New guidance from OSHA will change the way that citations are issued. Starting March 25, 2023, the new policy will give area administrators and regional directors the ability to issue citations for each instance of a violation. OSHA’s previous enforcement policy allowed several “serious” or “other than serious” violations to be grouped together under a single citation. Let’s review exactly what all of this means for your business.
How Instance-by-Instance Citations Will Expand
Certain factors must be taken into consideration when issuing these citations, including:
- A willful, repeat, or failure to abate violation has been issued to the organization in the last 5 years.
- The organization has failed to report a fatality, inpatient hospitalization, amputation, or loss of an eye as required by 29 CFR 1904.39.
- The intended citations are connected to a fatality or catastrophe.
- If the intended recordkeeping citation is related to an injury or illness that is the result from a serious hazard.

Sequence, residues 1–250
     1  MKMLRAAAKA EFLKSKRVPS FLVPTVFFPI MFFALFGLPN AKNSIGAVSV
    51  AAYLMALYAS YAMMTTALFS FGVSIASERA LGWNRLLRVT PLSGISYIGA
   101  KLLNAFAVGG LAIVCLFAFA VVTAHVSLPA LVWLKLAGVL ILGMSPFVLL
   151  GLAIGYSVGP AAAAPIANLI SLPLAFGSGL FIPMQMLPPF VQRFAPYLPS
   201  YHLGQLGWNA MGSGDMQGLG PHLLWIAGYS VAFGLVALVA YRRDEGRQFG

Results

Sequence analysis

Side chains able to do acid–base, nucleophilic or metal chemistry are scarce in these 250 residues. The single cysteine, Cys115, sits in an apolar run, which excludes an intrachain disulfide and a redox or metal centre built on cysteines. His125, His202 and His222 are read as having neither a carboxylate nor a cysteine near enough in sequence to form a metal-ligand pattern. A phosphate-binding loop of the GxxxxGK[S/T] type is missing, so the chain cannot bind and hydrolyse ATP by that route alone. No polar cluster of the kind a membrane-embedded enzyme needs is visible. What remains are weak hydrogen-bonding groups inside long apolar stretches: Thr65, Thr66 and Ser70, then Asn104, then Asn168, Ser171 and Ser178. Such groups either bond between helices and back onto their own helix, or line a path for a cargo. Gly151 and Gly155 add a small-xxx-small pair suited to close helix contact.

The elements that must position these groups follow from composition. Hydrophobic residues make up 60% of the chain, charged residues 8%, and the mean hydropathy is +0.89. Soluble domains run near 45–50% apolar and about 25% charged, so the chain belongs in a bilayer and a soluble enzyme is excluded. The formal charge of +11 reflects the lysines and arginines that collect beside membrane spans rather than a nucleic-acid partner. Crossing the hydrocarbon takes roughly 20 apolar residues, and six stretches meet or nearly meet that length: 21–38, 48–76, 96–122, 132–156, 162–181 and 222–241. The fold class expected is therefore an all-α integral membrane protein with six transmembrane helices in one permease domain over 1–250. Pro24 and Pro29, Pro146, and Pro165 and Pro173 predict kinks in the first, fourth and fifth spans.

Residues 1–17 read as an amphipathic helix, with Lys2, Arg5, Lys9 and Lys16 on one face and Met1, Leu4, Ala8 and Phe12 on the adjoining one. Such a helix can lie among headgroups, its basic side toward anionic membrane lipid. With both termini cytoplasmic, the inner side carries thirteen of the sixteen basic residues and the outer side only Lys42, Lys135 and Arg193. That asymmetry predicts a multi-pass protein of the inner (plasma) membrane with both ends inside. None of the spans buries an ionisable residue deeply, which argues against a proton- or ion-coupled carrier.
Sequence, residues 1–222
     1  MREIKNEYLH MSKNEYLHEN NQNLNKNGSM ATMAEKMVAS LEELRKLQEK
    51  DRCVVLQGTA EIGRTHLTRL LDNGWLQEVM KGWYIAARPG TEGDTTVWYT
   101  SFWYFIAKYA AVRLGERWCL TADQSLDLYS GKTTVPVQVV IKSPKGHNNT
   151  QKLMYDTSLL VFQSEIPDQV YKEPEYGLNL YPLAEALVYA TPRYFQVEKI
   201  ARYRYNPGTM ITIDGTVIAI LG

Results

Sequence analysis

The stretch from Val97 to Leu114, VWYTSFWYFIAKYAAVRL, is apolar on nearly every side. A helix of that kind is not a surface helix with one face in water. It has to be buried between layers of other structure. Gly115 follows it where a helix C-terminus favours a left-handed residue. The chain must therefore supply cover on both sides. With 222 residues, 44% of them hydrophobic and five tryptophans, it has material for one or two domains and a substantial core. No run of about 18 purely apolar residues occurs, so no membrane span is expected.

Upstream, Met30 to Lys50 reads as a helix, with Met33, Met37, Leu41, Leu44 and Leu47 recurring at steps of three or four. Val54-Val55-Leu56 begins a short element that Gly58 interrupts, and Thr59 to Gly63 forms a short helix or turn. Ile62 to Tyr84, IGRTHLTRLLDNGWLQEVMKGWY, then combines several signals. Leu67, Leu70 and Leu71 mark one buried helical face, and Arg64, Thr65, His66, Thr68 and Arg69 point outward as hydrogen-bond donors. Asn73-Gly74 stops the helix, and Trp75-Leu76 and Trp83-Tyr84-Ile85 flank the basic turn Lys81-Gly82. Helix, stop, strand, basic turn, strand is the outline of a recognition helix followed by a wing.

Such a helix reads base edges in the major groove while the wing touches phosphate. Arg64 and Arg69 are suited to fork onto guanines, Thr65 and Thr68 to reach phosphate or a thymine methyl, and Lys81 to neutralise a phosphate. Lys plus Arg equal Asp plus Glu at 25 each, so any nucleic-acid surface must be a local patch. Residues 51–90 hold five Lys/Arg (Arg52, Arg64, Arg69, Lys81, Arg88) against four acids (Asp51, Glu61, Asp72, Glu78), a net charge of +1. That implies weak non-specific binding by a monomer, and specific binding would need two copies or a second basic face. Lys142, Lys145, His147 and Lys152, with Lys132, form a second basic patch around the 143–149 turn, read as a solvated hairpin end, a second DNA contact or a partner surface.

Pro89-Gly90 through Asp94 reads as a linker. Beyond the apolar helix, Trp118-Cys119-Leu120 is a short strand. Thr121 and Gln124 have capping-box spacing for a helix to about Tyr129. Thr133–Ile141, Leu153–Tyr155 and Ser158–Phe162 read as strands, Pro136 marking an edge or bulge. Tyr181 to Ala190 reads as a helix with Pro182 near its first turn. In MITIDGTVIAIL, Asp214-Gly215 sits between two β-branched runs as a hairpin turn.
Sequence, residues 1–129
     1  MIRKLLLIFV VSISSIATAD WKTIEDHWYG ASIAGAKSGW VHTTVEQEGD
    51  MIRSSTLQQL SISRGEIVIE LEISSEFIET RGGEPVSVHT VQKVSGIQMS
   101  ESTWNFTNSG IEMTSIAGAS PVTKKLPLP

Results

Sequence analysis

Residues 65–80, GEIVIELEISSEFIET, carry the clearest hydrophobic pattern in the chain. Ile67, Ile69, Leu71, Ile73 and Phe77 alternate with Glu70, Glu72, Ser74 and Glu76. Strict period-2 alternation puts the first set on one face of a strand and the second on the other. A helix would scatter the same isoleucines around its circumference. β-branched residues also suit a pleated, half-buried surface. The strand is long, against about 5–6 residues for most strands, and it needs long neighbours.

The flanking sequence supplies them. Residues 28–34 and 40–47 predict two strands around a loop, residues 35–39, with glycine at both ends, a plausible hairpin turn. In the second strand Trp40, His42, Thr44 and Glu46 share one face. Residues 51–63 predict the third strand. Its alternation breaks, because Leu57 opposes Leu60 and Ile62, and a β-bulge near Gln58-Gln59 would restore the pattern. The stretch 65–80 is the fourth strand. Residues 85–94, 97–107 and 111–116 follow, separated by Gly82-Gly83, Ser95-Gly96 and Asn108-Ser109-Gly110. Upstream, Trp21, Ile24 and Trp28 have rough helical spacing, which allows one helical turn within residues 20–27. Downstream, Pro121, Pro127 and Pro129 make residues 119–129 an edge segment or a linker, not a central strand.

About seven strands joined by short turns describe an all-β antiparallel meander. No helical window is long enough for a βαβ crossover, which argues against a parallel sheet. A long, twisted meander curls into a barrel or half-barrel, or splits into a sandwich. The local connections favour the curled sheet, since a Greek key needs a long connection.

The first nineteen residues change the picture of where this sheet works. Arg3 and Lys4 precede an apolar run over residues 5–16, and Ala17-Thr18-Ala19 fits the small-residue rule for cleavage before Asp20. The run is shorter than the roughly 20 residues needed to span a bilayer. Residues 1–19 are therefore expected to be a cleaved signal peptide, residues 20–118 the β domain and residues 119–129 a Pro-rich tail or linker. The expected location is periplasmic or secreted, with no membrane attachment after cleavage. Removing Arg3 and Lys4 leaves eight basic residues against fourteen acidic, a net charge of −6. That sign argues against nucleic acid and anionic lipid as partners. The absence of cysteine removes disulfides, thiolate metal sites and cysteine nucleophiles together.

Instance-by-instance violations can be issued per machine, location, entry, or employee, or when the violation instances can’t be stopped by a single method. For example, if three different machines were seen to be unguarded and are considered a “serious violation” the area administrator or regional director has the authority to split all three machines into three separate violations with penalty amounts at their discretion.
As a reminder, maximum penalty amounts by violation type:
- Willful or Repeat: $145,027
- Serious: $14,502
- Other than serious: $14,502
The scope of this expanded guidance is limited to high-gravity serious violations specific to:
- Machine guarding
- Respiratory protection
- Permit required confined space
- Lockout tagout
- Other-than-serious violations specific to recordkeeping
The expansion will generally apply to General Industry, Agriculture, Maritime, and Construction industries, although isn’t limited to them.
OSHA stated that instance-by-instance citations should be used to deter employers from continued violations of a standard, particularly for repeat offenders and organizations that clearly aren’t committed to protecting their workers from hazards.
What Should You Do?
Comply with all OSHA regulations and strive to keep your safety program up-to-date, employees trained, and address hazards and issues as quickly as possible whenever they arise.
Organizations that have past histories of citations should take particular note of this new guidance and review their program, training, and any other policies and procedures.